Federal authorities took a Nebraska City man into custody Wednesday morning for alleged involvement as an “identity broker” in an international scheme to traffic identities of Puerto Rican citizens.



Nebraska City police and Otoe County sheriff's deputies assisted U.S. postal inspectors and U.S. Immigration and Customs Enforcement, which oversees Homeland Security Investigations, to serve search and arrests warrants.



Officers entered a residence at 1208 Fourth Ave. around 6 a.m., but learned the suspect was no longer staying there.



An investigation led to a search of a home at the Nebraska City Mobile Home Community, where the man was taken into custody.


Federal authorities took a Nebraska City man into custody Wednesday morning for alleged involvement as an “identity broker” in an international scheme to traffic identities of Puerto Rican citizens.

Nebraska City police and Otoe County sheriff's deputies assisted U.S. postal inspectors and U.S. Immigration and Customs Enforcement, which oversees Homeland Security Investigations, to serve search and arrests warrants.

Officers entered a residence at 1208 Fourth Ave. around 6 a.m., but learned the suspect was no longer staying there.

An investigation led to a search of a home at the Nebraska City Mobile Home Community, where the man was taken into custody.

The U.S. Department of Justice reported this afternoon that 50 people were charged in a one-count indictment unsealed today in Puerto Rico with conspiracy to commit identification fraud.

Arrests were made in Puerto Rico and the United States.The Nebraska City man is expected to go before a federal court in Nebraska.

  “The indictment unsealed today alleges that from April 2009 to December 2011, the defendants operated an extensive black market, identity fraud ring,” said Assistant Attorney General Lanny A. Breuer of the Justice Department’s Criminal Division.

“The alleged conspiracy stretched across the United States and Puerto Rico, using suppliers, identity brokers and mail and money runners to fill and deliver orders for the personal identifying information and government-issued identity documents of Puerto Rican U.S. citizens.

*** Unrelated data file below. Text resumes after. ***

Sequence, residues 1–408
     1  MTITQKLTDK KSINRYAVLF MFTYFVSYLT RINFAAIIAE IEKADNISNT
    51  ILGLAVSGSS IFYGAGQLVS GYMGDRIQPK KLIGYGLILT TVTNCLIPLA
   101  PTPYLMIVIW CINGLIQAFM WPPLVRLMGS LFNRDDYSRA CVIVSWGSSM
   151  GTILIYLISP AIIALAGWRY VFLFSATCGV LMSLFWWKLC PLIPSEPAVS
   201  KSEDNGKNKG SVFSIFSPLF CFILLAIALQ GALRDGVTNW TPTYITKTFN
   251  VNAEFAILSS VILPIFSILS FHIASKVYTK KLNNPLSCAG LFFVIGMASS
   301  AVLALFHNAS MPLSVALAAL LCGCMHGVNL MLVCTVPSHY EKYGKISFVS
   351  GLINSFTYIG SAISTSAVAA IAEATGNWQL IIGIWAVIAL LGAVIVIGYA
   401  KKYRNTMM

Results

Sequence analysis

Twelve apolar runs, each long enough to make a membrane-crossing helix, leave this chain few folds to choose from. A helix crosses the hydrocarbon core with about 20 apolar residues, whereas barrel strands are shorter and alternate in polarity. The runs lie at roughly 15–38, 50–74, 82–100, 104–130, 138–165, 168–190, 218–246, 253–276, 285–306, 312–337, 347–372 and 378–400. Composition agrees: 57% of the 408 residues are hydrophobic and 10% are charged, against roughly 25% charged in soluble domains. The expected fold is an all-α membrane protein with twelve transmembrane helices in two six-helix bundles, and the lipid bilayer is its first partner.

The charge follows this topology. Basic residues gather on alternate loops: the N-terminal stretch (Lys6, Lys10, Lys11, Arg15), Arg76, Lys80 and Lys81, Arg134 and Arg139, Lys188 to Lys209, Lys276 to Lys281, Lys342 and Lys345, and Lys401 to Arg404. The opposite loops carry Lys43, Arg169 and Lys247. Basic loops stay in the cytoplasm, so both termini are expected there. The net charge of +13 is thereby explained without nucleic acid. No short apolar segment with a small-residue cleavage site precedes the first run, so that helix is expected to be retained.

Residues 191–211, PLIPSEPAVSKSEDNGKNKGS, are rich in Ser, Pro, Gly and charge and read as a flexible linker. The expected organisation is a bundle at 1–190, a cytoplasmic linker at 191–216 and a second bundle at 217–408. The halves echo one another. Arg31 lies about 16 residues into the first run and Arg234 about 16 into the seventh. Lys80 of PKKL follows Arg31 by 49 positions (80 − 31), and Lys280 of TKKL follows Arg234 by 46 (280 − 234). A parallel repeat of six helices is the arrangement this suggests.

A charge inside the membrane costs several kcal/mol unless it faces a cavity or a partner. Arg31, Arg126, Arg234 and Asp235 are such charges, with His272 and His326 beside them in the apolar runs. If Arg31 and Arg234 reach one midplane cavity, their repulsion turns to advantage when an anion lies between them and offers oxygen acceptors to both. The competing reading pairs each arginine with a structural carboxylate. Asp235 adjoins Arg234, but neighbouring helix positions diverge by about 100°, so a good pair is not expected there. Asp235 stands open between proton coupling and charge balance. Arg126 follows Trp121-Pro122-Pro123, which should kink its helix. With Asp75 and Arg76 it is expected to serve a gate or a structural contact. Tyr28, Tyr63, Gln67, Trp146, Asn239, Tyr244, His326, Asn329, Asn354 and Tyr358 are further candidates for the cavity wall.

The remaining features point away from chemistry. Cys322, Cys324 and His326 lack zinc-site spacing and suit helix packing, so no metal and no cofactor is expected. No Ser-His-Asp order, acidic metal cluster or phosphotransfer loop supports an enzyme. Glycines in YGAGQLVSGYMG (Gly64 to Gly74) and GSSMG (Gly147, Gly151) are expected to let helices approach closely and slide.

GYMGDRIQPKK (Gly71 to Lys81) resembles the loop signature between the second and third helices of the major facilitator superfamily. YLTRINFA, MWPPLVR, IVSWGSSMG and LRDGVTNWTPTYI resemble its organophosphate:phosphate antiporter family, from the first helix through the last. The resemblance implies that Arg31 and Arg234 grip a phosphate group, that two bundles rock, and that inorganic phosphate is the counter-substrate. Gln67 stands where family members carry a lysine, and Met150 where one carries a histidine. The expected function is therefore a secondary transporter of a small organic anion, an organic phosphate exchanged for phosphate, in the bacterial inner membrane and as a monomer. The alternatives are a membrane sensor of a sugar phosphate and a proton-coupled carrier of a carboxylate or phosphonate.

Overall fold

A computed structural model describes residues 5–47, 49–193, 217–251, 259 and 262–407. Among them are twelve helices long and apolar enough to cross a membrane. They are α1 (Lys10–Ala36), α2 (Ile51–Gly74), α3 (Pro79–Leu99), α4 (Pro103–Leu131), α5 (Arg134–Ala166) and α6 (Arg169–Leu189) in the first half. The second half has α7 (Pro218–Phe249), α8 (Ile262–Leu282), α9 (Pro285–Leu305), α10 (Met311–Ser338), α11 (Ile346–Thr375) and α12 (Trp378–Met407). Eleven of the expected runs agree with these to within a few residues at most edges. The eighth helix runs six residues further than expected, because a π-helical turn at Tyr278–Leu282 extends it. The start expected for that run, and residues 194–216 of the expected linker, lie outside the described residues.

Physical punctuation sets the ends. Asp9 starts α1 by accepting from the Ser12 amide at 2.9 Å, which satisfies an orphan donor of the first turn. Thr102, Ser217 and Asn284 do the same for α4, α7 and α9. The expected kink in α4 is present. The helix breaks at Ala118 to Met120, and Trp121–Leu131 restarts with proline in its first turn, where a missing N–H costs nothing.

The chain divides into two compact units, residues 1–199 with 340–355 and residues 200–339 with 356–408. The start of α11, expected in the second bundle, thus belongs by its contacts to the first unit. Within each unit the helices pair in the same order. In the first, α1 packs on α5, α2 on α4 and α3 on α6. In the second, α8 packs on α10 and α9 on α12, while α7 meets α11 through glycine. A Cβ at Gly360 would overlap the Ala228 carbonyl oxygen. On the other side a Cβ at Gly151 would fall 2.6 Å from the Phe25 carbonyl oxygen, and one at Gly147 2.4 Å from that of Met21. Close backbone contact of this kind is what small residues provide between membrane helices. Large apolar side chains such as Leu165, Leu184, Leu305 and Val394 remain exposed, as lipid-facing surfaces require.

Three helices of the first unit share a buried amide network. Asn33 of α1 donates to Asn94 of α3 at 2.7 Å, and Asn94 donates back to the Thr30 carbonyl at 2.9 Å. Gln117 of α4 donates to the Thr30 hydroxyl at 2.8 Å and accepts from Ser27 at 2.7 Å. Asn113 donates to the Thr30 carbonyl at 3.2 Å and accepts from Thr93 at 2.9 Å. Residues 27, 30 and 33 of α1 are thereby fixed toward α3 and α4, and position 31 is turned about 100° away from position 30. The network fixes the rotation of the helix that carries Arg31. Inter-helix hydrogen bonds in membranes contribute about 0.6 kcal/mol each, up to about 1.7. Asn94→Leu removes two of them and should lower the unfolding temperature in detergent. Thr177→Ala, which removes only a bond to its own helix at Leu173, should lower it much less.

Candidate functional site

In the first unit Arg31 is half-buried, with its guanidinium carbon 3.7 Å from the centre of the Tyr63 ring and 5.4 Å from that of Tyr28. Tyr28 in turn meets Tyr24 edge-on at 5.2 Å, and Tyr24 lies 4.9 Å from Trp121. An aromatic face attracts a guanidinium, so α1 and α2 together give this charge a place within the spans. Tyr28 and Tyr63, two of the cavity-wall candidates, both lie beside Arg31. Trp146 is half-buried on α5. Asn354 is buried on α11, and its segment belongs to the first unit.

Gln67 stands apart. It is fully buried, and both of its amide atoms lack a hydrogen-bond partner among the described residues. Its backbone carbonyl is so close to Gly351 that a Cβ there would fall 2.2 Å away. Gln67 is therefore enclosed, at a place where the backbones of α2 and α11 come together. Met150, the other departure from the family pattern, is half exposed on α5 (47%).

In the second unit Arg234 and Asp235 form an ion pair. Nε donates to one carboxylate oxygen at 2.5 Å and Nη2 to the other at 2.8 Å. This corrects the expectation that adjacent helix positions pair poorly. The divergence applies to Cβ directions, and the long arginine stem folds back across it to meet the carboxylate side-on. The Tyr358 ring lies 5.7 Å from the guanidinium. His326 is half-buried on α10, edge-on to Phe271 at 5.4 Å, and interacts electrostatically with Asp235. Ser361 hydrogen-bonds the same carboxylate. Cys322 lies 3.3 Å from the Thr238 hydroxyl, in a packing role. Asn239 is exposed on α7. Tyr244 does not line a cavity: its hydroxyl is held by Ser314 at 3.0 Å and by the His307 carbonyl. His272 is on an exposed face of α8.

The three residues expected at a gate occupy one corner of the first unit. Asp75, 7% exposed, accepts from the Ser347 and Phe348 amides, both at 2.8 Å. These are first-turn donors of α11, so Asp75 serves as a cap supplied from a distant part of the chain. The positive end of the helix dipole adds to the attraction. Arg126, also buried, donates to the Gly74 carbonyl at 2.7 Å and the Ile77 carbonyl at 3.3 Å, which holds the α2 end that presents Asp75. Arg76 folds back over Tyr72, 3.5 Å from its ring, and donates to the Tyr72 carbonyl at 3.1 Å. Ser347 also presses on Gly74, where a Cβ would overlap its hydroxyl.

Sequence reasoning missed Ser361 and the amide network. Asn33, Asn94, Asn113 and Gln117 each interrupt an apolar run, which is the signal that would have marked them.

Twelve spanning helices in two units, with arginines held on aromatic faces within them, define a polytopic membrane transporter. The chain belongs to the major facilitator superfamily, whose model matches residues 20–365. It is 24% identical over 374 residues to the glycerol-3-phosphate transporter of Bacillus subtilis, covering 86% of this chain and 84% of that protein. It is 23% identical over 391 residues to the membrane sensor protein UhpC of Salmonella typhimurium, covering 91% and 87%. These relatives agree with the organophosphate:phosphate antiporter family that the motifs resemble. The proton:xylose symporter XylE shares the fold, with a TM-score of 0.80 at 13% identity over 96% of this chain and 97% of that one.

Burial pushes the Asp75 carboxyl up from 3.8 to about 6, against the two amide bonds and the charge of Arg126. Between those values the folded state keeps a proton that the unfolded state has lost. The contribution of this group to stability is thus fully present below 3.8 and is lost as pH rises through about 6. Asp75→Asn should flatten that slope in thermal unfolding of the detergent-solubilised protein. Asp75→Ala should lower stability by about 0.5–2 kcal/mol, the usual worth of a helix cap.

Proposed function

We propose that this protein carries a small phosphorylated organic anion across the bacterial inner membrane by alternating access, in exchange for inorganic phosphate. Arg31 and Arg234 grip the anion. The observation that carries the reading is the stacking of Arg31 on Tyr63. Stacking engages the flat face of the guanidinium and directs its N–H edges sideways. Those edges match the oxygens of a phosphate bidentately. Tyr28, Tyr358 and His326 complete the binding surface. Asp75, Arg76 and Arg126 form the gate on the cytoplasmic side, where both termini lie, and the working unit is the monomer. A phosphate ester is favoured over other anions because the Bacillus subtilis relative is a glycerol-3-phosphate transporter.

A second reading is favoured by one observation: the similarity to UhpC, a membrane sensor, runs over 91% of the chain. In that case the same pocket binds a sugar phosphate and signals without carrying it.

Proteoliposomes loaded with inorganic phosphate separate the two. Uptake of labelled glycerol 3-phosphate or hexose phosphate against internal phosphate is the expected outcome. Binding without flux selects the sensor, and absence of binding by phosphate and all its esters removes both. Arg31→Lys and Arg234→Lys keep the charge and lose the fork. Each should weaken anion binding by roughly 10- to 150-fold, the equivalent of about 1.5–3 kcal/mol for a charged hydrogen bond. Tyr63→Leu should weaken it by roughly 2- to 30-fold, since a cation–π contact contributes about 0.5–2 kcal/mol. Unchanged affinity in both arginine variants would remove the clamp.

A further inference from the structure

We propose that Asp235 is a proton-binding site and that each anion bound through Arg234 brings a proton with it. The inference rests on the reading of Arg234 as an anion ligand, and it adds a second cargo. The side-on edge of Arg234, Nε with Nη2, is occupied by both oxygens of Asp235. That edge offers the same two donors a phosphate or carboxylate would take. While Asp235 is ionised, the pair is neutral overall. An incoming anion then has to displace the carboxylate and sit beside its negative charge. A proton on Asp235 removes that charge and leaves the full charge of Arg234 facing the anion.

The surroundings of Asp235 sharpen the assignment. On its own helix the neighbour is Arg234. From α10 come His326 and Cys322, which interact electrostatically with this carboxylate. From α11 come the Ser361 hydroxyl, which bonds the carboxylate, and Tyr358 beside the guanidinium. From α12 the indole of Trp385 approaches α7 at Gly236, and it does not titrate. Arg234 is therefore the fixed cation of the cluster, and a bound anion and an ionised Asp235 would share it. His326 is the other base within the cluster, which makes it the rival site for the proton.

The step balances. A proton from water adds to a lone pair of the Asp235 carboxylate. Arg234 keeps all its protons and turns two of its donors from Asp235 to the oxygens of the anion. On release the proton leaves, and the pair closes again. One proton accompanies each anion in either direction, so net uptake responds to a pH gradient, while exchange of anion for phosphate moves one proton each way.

Those willing to buy and sell personal identifying information and documents should take notice of today’s actions.

The department and our law enforcement partners will not allow this kind of illegal activity to continue,” Breuer said.

According to the indictment, from at least April 2009 to December 2011, conspirators in 15 states and Puerto Rico, a U.S. territory, trafficked the identities of Puerto Rican U.S. citizens, corresponding Social Security cards, Puerto Rico birth certificates and other identification documents to undocumented aliens and others residing in the United States.

The indictment alleges that suppliers located in the Savarona area of Caguas, Puerto Rico, obtained the Puerto Rican identities and corresponding identity documents. Identity brokers in various locations throughout the United States solicited customers.

 The identity brokers allegedly sold Social Security cards and corresponding Puerto Rico birth certificates for prices ranging from $700 to $2,500 per set.

The indictment alleges that various identity brokers were operating in Nebraska City,  Rockford, Ill.; Indianapolis; DeKalb, Ill.; Columbus and Seymour, Ind.; Aurora, Ill.; Hartford, Conn.; Clewiston, Fla.; Lilburn and Norcross, Ga.; Salisbury, Md.; Columbus, Ohio; Fairfield, Ohio; Dorchester, Mass.; Lawrence, Mass.; Salem, Mass.; Worcester, Mass.; Grand Rapids, Mich.; Nebraska City, Neb.; Elizabeth, N.J.; Burlington, N.C.; Hickory, N.C.; Hazelton, Pa.; Philadelphia; Houston; and Abingdon, Va.

If convicted, each defendant faces a maximum sentence of 15 years in prison and a $250,000 fine, as well as forfeiture.